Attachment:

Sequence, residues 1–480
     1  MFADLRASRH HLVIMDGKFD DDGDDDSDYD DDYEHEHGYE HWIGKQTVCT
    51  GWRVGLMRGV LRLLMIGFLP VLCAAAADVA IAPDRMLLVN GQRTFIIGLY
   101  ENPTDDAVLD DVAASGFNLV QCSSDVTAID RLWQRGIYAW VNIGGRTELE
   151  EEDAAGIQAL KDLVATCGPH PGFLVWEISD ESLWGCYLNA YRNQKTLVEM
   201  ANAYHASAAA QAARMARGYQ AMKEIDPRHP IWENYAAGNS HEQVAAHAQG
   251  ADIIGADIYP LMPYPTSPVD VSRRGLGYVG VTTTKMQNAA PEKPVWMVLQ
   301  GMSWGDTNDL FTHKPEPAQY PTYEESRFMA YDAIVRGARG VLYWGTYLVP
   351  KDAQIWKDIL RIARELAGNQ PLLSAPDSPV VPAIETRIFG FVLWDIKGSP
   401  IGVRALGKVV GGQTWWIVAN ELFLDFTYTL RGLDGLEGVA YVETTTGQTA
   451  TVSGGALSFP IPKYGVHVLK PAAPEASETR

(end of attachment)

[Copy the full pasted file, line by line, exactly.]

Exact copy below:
Sequence, residues 1–480
     1  MFADLRASRH HLVIMDGKFD DDGDDDSDYD DDYEHEHGYE HWIGKQTVCT
    51  GWRVGLMRGV LRLLMIGFLP VLCAAAADVA IAPDRMLLVN GQRTFIIGLY
   101  ENPTDDAVLD DVAASGFNLV QCSSDVTAID RLWQRGIYAW VNIGGRTELE
   151  EEDAAGIQAL KDLVATCGPH PGFLVWEISD ESLWGCYLNA YRNQKTLVEM
   201  ANAYHASAAA QAARMARGYQ AMKEIDPRHP IWENYAAGNS HEQVAAHAQG
   251  ADIIGADIYP LMPYPTSPVD VSRRGLGYVG VTTTKMQNAA PEKPVWMVLQ
   301  GMSWGDTNDL FTHKPEPAQY PTYEESRFMA YDAIVRGARG VLYWGTYLVP
   351  KDAQIWKDIL RIARELAGNQ PLLSAPDSPV VPAIETRIFG FVLWDIKGSP
   401  IGVRALGKVV GGQTWWIVAN ELFLDFTYTL RGLDGLEGVA YVETTTGQTA
   451  TVSGGALSFP IPKYGVHVLK PAAPEASETR